somehow got hold of a "better", "more applicable" theory than PA, and
one, moreover, which he claimed to be *in conflict with* PA. Rather, I
would recommend that he simply use whatever initial segment of the
series of natural numbers he thinks he needs, and heed the general truth
of PA while doing so. Why should he wish for anything more?

> It is
> bizarre that *you* would consider such a choice on his part as
> claiming the Peano-Dedekind arithmetic to be "incorrect", since
> it is you who claims this arithmetic cannot be disproved by mere
> presence of physical objects. 

Here I think you have the dialectic of this exchange wrong. I've
already said that I would have no quarrel at all with someone who
simply wished to *append to* PA some theory consistent with PA that
was more directly concerned with the finite limitations of the actual
physical universe. 

> > Moreover, the burden of explication of the notion of
> > incorrectness is properly on the finitists or feasible
> > arithmeticians. 
> I am neither a finitist nor a feasible arithmetician. I am simply
> concerned about what seems to me as your desire to use the big
> scary word "incorrect" as a scarecrow against finitists/feasible
> arithmeticians. They typically talk about a finite universe and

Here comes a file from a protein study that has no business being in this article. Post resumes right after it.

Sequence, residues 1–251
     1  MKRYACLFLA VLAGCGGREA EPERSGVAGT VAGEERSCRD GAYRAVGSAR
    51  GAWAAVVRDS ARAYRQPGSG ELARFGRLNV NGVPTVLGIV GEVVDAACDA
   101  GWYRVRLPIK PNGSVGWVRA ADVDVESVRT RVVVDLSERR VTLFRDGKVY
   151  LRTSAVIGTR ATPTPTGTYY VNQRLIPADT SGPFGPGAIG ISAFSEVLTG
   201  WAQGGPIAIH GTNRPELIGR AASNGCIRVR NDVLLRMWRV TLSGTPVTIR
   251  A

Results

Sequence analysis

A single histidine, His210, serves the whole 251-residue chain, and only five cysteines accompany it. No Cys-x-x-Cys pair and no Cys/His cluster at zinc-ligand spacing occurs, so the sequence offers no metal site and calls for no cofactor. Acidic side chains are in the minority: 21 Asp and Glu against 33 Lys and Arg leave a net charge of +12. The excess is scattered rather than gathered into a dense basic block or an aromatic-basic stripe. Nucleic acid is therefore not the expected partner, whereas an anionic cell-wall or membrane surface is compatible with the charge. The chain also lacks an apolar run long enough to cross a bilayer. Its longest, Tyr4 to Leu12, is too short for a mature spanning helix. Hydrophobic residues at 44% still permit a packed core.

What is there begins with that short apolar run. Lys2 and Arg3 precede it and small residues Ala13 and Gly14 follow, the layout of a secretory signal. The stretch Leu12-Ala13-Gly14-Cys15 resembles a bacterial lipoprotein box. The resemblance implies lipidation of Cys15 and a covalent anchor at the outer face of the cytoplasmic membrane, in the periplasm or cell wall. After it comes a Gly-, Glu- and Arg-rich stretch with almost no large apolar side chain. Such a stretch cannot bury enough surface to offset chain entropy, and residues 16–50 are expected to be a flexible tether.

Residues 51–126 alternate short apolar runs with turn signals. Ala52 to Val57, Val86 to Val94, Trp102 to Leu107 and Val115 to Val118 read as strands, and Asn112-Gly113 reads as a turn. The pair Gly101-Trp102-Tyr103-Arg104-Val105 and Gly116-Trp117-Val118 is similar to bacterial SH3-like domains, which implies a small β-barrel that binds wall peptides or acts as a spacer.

> limitations on the concept of counting as a consequence, not
> about "incorrectness" of Peano-Dedekind arithmetic (quoting Sazonov:
> "Is the chess game correct or not?"); you are the one
> who says they claim such incorrectness, so the burden is on
> you to explicate this notion. 

Unlike Sazonov, I do not see assertions in arithmetic as analogous to
making moves in a chess game. Nor is deciding to play chess like
deciding to adopt PA. PA is not an intellectual option, the way
deciding to take up chess is a recreational option. PA is a necessary
constraint on any kind of thought that involves the use of concepts
that divide their reference.

> > If Vorobey's way of putting matters does not amount to the momentous
> > claim that Peano-Dedekind arithmetic is incorrect, then we are owed an
> > explanation as to why this is so. 
> I hope that the above may serve as such an explanation.

If I've understood you correctly, you are then not claiming that the
finitist or feasibilist is in any way an "arithmetical *reformist*"?